With Bell Mountain I began to write fiction in a way I’d never done before. But first I’d like to tell you about the way I used to write–a way which, after all, helped me to get four horror novels published.
I always started with a very general idea for a story. My first published novel, Lifeblood, began with the idea of a vampire coming to a suburban township in New Jersey. At the time, I was covering such townships as a newspaper reporter–and oh, boy, did I know a lot about them! “Write what you know,” and all that…
Once I had the basic idea, I started inventing characters to populate my story. I filled whole notebooks with the biographies of fictitious people, along with all sorts of information about their town. Since I was patterning their town (scandals and all) after a real place, that wasn’t very hard.
After some months of doing this, I’d get to work on the plot, starting with vague notes and working my way up to a chronology and chapter summaries. My books usually required me to manage at least half-a-dozen subplots, each centered on a different character or group of characters. For this I made up sets of color-coded index cards–purple for the old man spying on his neighbors with binoculars, blue for the police, red for the stupid kid who thinks it’d be cool to be a vampire, and so on. I spent many hours pushing these cards around until I was sure I had them in the best possible arrangement.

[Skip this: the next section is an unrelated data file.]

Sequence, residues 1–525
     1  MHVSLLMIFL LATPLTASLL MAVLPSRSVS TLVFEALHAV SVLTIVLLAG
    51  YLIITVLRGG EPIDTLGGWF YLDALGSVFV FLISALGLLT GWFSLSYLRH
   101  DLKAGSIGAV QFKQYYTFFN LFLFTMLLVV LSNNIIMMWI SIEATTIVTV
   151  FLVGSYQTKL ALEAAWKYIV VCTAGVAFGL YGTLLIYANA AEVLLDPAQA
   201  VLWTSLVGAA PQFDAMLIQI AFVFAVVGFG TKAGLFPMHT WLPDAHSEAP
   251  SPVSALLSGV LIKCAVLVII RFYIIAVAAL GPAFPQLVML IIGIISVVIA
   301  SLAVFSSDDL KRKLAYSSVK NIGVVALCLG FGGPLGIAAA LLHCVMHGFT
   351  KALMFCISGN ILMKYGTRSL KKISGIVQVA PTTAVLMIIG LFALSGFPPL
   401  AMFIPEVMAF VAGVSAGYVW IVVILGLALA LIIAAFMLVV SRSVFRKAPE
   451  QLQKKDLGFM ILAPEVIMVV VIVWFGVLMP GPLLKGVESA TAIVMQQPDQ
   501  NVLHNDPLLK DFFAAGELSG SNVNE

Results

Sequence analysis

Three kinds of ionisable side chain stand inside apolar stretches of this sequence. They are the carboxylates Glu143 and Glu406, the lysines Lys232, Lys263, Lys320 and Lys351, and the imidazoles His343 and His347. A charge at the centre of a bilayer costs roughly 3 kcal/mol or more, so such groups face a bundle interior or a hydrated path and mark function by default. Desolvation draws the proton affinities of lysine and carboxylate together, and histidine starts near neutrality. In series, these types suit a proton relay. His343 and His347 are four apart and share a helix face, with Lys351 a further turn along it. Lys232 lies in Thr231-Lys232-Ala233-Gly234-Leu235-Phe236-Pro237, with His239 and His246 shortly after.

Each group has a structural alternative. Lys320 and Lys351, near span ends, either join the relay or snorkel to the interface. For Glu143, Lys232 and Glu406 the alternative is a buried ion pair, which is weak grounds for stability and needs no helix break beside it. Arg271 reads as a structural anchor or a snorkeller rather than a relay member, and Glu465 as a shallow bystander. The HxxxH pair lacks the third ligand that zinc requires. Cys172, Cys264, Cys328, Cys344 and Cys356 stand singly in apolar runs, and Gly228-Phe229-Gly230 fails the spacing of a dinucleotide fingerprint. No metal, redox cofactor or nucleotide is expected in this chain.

Only then was I ready to start writing the book. These preparations took six to eight months; but when I was finished with them, I knew my story inside-out.
I don’t write that way anymore. Now I flop open my legal pad, say a prayer, pick up my pen, and get to work.
I’ve written four “Bell Mountain novels” so far, and I’m amazed by how they’ve turned out. Part of this must be due to my having been writing fiction non-stop for 50 years. But I believe a much greater part is due to God having answered my prayers and given me these stories.
I have no idea where they’re going, when I start them. I don’t know what new characters are going to rise up and play key roles. I start with a dream, or an image, or a turn of phrase. I ask God for the story, and I write it down as I receive it–sometimes in big pieces all at once, as if I were seeing it on a movie screen, sometimes in much smaller pieces. And eventually I have all the pieces, and the book is finished.
I don’t know how many books I’ll be given to write. But it’s been an awful lot of fun, this way, and I hope the Lord will keep it going for a while.